- Gary Collinson
Martin Scorsese has hinted that his filmmaking career may be nearing its end.
The director said that while he has the desire to continue to make movies, he realises that he only has "a couple more" left in him.
Speaking at a Q&A at the Marrakech Film Festival, Scorsese said: "I have the desire to make many films, but as of now I'm 71 and there's only a couple more left if I get to make them.
"I miss the time when I had the desire to experiment and try different kinds of films, I miss that time, but that's done, it's over. There is obligation as you get older, you have family."
He said: "As you get older »
It has become a running gag at just how unlucky Leonardo DiCaprio has been at the Academy Awards. Every year, he gives another great performance in another great film and we wonder if this will finally be the one that earns him that elusive win. But lately, the more important question is whether he will even be nominated. anticipated “The Wolf of Wall Street.” The latter marks his fifth collaboration with Martin Scorsese, for whom he headlined the 2006 Best Picture champ "The Departed" which finally won the director an Oscar. Despite the pedigree of this project, DiCaprio has odds of just 14 to 1 to win Best Actor, with only one Expert and one Editor, no Top 24 Users and just 5% of All Users predicting him to prevail. The last of his three Oscar bids was back in 2006. He was snubbed for 2008’s “Revol »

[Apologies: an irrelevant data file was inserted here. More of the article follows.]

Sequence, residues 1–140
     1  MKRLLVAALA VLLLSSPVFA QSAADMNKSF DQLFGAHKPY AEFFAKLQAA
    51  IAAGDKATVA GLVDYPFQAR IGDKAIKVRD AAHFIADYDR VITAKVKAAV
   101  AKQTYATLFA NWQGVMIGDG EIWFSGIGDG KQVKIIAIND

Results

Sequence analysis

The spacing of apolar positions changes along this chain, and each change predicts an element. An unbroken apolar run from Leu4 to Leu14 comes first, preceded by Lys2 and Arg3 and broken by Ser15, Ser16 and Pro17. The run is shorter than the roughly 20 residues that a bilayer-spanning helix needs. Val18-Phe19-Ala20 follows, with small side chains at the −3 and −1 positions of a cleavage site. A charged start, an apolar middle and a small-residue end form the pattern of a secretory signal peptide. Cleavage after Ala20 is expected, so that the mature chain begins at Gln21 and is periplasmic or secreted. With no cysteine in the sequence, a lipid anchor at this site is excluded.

"Working together re-ignited my enthusiasm for making pictures. There's always something more, there's always more to mine with him. He keeps going deeper and deeper," hollywoodreporter.com quoted Scorsese as saying.
"Leo's enjoyment of the work and the ability to take chances made me excited again. 'Gangs of New York' was a massive project and had been for many, many years, and I was depleted after that. And 'Aviator' was the one where he pulled me back. »
- Rahul Kapoor
Martin Scorsese will receive the Cinematic Imagery Award at the 18th annual Art Directors Guild’s Excellence in Production Design Awards on Feb. 8, the org announced on Thursday.
The kudofest, set to take place at the Beverly Hilton Hotel, will be hosted by standup comedian Owen Benjamin.